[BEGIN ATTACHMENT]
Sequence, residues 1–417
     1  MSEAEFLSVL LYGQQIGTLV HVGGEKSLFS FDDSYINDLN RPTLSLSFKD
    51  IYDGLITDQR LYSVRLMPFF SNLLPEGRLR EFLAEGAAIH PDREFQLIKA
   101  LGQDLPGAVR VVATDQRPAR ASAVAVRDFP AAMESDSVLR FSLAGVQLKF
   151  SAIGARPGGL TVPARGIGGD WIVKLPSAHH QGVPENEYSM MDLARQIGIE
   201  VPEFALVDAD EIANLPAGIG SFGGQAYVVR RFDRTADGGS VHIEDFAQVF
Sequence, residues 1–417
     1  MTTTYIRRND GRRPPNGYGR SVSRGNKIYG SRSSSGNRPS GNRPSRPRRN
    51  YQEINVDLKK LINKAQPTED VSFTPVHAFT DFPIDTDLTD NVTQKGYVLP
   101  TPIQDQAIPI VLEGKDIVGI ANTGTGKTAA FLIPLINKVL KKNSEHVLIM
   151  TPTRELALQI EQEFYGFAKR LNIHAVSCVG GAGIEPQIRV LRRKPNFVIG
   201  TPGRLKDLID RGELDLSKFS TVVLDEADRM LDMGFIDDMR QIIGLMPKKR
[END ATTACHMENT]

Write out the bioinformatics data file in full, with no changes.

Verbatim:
Sequence, residues 1–417
     1  MSEAEFLSVL LYGQQIGTLV HVGGEKSLFS FDDSYINDLN RPTLSLSFKD
    51  IYDGLITDQR LYSVRLMPFF SNLLPEGRLR EFLAEGAAIH PDREFQLIKA
   101  LGQDLPGAVR VVATDQRPAR ASAVAVRDFP AAMESDSVLR FSLAGVQLKF
   151  SAIGARPGGL TVPARGIGGD WIVKLPSAHH QGVPENEYSM MDLARQIGIE
   201  VPEFALVDAD EIANLPAGIG SFGGQAYVVR RFDRTADGGS VHIEDFAQVF
Sequence, residues 1–417
     1  MTTTYIRRND GRRPPNGYGR SVSRGNKIYG SRSSSGNRPS GNRPSRPRRN
    51  YQEINVDLKK LINKAQPTED VSFTPVHAFT DFPIDTDLTD NVTQKGYVLP
   101  TPIQDQAIPI VLEGKDIVGI ANTGTGKTAA FLIPLINKVL KKNSEHVLIM
   151  TPTRELALQI EQEFYGFAKR LNIHAVSCVG GAGIEPQIRV LRRKPNFVIG
   201  TPGRLKDLID RGELDLSKFS TVVLDEADRM LDMGFIDDMR QIIGLMPKKR